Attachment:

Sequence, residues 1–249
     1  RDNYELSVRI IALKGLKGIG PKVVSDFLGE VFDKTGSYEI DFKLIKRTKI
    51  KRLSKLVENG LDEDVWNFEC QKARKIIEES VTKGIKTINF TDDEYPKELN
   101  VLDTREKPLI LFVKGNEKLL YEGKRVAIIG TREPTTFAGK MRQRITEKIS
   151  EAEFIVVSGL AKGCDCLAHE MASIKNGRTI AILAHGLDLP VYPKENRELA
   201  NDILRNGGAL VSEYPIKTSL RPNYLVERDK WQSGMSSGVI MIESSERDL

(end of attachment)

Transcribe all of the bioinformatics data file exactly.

Sequence, residues 1–249
     1  RDNYELSVRI IALKGLKGIG PKVVSDFLGE VFDKTGSYEI DFKLIKRTKI
    51  KRLSKLVENG LDEDVWNFEC QKARKIIEES VTKGIKTINF TDDEYPKELN
   101  VLDTREKPLI LFVKGNEKLL YEGKRVAIIG TREPTTFAGK MRQRITEKIS
   151  EAEFIVVSGL AKGCDCLAHE MASIKNGRTI AILAHGLDLP VYPKENRELA
   201  NDILRNGGAL VSEYPIKTSL RPNYLVERDK WQSGMSSGVI MIESSERDL